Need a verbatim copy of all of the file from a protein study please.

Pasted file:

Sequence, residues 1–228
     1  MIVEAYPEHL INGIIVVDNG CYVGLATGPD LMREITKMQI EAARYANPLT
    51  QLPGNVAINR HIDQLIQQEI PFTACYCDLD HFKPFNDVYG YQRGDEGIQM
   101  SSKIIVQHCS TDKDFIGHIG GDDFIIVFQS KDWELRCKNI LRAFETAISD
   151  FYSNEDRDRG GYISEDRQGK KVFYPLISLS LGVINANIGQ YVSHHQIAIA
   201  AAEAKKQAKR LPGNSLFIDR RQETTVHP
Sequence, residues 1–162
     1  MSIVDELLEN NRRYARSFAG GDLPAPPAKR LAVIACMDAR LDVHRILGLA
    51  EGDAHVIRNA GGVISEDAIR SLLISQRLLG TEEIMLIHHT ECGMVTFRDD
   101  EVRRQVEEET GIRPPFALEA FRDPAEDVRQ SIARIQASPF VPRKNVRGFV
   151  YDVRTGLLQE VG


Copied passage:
Sequence, residues 1–228
     1  MIVEAYPEHL INGIIVVDNG CYVGLATGPD LMREITKMQI EAARYANPLT
    51  QLPGNVAINR HIDQLIQQEI PFTACYCDLD HFKPFNDVYG YQRGDEGIQM
   101  SSKIIVQHCS TDKDFIGHIG GDDFIIVFQS KDWELRCKNI LRAFETAISD
   151  FYSNEDRDRG GYISEDRQGK KVFYPLISLS LGVINANIGQ YVSHHQIAIA
   201  AAEAKKQAKR LPGNSLFIDR RQETTVHP
Sequence, residues 1–162
     1  MSIVDELLEN NRRYARSFAG GDLPAPPAKR LAVIACMDAR LDVHRILGLA
    51  EGDAHVIRNA GGVISEDAIR SLLISQRLLG TEEIMLIHHT ECGMVTFRDD
   101  EVRRQVEEET GIRPPFALEA FRDPAEDVRQ SIARIQASPF VPRKNVRGFV
   151  YDVRTGLLQE VG